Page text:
Honeycomb Bag

A while back, we shared some images from a customer, Jason, who used our pre-cut hexagon shapes to make one buzzin’ bag! While we don’t know all of his secrets, we’ve done our best to give you some tips and tools to make a similar bag on your own. 

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The original bag was a gift for Jason’s wife. Here are some of the things he used and a few we recommend trying to put your spin on this project. 


What he definitely used: 

Jason left some very enthusiastic and detailed reviews on the hexagon shape and dye listings, so be sure to read those for some tips from the man himself. 

Additional things you’ll need: 

  • Bag Feet – we think his were gold, but any color will do! 
  • Rivets and setter – we think he used black or gunmetal rivets
  • Thread & needle – we think he used brown awl
  • Stamp or stencil for bee decoration

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So, we don’t know exactly how he made it but we asked for help from one of our pros, Clayton, who makes bag prototypes for us all the time! 

Color Your Shapes

Use the dye and stains of your choice to transform your shapes! It looks like Jason used a bit of stain or antique paste on some of the yellow pieces for a more rustic look. Add the finish of your choice or leave them natural – no matter what you do, give them time to dry before moving on.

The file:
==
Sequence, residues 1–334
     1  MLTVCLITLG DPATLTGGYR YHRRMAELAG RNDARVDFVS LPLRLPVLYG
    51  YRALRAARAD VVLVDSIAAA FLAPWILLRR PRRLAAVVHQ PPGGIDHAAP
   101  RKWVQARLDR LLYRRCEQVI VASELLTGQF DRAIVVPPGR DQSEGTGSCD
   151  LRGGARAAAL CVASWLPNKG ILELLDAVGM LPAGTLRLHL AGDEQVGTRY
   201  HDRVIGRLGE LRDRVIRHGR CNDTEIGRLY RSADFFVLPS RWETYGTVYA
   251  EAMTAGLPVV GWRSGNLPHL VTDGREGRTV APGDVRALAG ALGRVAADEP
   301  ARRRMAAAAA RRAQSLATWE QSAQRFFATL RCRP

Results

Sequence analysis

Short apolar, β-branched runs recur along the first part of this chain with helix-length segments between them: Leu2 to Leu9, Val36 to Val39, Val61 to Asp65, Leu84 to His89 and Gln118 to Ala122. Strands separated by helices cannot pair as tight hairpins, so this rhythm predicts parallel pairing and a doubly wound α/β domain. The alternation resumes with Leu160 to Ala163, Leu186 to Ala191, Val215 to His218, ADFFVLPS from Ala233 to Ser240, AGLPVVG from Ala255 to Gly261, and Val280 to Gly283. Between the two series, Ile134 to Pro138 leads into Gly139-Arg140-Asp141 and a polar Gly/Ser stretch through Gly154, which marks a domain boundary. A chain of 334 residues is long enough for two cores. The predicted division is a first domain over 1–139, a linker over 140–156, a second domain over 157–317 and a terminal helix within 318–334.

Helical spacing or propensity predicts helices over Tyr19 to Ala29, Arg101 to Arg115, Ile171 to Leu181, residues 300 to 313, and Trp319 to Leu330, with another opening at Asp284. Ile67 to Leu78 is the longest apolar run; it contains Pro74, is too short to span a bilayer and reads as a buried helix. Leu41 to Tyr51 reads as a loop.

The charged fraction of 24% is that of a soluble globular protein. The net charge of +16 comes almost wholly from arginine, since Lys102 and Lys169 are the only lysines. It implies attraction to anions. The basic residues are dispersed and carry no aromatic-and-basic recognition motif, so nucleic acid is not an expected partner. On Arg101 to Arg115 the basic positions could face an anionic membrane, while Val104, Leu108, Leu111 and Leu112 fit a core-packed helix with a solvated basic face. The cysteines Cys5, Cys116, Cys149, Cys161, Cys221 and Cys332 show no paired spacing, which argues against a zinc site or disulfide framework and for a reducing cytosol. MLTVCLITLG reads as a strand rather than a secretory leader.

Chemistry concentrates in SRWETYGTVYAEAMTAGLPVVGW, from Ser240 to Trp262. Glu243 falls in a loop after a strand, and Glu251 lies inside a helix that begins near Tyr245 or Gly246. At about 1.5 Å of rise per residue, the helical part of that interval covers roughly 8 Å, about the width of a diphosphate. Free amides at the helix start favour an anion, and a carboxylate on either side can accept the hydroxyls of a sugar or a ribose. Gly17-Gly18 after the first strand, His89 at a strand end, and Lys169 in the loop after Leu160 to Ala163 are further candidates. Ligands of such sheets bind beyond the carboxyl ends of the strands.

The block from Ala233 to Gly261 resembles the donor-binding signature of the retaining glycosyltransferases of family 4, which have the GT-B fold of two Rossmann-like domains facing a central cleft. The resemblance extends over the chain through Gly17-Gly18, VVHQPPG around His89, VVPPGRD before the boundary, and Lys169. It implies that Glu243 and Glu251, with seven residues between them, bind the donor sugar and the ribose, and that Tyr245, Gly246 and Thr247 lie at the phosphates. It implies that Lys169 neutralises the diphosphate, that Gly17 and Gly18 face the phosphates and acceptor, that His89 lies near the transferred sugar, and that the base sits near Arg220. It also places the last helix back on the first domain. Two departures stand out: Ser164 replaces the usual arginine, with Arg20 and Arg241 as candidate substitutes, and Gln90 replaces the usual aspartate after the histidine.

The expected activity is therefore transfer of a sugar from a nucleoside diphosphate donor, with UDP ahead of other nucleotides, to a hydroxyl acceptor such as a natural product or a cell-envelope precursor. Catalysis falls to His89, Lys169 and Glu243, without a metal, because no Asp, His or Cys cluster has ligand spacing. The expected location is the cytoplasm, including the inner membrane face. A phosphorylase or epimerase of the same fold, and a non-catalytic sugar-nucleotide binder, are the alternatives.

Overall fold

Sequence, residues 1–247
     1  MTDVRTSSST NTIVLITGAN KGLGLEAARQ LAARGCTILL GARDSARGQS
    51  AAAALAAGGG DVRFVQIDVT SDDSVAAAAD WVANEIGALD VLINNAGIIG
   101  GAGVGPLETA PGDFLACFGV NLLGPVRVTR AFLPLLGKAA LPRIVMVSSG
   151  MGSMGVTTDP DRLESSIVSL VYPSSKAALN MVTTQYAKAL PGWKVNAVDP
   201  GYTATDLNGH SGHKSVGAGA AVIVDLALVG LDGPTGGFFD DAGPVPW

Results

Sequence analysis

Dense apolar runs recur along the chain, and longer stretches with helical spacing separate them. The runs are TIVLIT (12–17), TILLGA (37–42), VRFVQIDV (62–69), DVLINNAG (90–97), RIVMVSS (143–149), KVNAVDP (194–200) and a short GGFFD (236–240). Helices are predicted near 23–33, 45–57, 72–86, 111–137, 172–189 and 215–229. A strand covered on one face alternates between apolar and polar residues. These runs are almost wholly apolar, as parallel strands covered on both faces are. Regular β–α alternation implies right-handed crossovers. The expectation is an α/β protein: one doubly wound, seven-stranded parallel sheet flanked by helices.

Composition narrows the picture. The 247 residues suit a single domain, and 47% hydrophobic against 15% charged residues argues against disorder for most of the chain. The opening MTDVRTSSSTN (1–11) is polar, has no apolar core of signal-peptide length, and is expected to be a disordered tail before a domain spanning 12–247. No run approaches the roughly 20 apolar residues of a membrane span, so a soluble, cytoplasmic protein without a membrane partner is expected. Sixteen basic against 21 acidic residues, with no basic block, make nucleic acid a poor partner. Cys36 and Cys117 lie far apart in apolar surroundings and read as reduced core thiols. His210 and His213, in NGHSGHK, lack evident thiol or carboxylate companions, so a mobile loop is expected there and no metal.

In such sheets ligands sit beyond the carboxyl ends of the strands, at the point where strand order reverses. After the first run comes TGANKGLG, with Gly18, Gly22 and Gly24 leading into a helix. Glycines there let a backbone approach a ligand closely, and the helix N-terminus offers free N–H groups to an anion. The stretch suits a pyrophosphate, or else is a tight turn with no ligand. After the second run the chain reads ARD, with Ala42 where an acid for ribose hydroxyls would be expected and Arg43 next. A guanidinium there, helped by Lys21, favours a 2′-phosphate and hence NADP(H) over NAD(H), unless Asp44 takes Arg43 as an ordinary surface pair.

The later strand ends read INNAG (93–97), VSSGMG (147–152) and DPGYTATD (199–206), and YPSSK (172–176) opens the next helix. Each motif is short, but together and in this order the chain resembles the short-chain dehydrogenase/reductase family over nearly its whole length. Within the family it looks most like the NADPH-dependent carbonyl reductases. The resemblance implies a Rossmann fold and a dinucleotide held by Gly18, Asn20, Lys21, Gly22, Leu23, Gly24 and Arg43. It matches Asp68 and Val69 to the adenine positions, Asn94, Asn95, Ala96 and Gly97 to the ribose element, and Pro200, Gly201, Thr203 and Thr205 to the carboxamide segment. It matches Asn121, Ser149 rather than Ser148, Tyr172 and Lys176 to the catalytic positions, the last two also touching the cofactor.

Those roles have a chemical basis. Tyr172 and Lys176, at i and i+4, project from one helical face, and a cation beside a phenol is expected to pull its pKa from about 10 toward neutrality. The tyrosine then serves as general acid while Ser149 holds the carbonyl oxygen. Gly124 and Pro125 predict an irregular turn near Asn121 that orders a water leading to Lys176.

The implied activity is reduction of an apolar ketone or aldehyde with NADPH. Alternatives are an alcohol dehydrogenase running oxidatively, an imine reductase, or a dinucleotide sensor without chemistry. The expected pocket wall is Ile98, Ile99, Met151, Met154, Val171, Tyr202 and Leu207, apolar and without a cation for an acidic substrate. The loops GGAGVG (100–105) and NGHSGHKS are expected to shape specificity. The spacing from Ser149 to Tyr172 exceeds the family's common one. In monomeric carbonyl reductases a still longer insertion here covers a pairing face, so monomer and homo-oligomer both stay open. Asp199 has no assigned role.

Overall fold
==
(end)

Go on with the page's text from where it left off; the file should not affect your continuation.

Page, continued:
Make the Bag Panels

This bag looks completely hand-stitched and Jason used a cross stitch to make it happen. You’ll need a needle and thread to pull it off. We recommend using a brown waxed thread to do the job! 

Cut the Panels 

The original design features some hexagons that are cut. Once you have the pieces assembled, you’ll have to make the panels into rectangles or whatever shape you’re going for. 

Construct the Bag 

It looks like he used brown veg tan for the minor panels and the bottom of the bag. You could buy some that is already dyed or you could dye it yourself! It looks like he reinforced the sides of the bag with the leftover yellow parts of the hexagon shapes – so waste-no-more! You could use a machine or hand stitch the bag together. It looks like he took his time to stitch the whole thing by hand – a true labor of love. 

Add the Straps and Bag Feet

Use brown veg tan for straps. He made two straps and used black or gunmetal rivets to attach them to the large panels of the bag. Use the bag feet of your choice. Clayton usually saves the bag feet for last and give the bag a bit of time to settle into its new shape. 

Make the Tag

The tag is likely the simplest part of this bag. He used one of the hexagon shapes which was dyed yellow and created a beautiful bee shape. You could stamp or stencil this one – we’re not sure how he went about it. He finished it off with what appears to be the slightest bit of antique paste. You’ll want to add some resist to the shape before following this step. 

Make it Your Own

We are confident that we missed some steps and got some things wrong. Plus, we’re sure there are some things you might like to do differently. However, using this simplified line of thinking provided, we believe you have the power to make something very similar to Jason’s design on your own! Did you give it a try? We would love for you share it with us here or on any of our social media platforms! 


Our customer, Jason, didn’t have any social media he wanted to plug, but he had a wonderful time making this beautiful bag. His wife took some beautiful photos of this bag, which you can see more of here. Until next time!